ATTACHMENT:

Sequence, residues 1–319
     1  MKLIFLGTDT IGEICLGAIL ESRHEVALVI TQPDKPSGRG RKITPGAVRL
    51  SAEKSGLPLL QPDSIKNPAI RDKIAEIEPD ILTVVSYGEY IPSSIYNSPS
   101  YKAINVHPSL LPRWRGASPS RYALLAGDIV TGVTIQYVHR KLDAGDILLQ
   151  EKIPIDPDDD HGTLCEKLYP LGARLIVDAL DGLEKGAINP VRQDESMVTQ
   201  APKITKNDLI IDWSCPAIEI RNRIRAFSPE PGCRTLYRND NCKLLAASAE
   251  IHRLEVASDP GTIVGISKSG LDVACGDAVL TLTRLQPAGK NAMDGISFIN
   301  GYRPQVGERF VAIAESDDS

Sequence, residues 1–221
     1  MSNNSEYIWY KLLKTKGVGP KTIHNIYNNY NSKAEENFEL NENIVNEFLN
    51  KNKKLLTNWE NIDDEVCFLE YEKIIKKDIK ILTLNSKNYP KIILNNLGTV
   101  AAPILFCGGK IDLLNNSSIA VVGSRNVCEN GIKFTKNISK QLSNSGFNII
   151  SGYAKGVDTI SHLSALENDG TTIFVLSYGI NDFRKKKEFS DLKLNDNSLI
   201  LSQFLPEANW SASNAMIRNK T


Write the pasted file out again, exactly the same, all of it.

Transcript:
Sequence, residues 1–319
     1  MKLIFLGTDT IGEICLGAIL ESRHEVALVI TQPDKPSGRG RKITPGAVRL
    51  SAEKSGLPLL QPDSIKNPAI RDKIAEIEPD ILTVVSYGEY IPSSIYNSPS
   101  YKAINVHPSL LPRWRGASPS RYALLAGDIV TGVTIQYVHR KLDAGDILLQ
   151  EKIPIDPDDD HGTLCEKLYP LGARLIVDAL DGLEKGAINP VRQDESMVTQ
   201  APKITKNDLI IDWSCPAIEI RNRIRAFSPE PGCRTLYRND NCKLLAASAE
   251  IHRLEVASDP GTIVGISKSG LDVACGDAVL TLTRLQPAGK NAMDGISFIN
   301  GYRPQVGERF VAIAESDDS

Sequence, residues 1–221
     1  MSNNSEYIWY KLLKTKGVGP KTIHNIYNNY NSKAEENFEL NENIVNEFLN
    51  KNKKLLTNWE NIDDEVCFLE YEKIIKKDIK ILTLNSKNYP KIILNNLGTV
   101  AAPILFCGGK IDLLNNSSIA VVGSRNVCEN GIKFTKNISK QLSNSGFNII
   151  SGYAKGVDTI SHLSALENDG TTIFVLSYGI NDFRKKKEFS DLKLNDNSLI
   201  LSQFLPEANW SASNAMIRNK T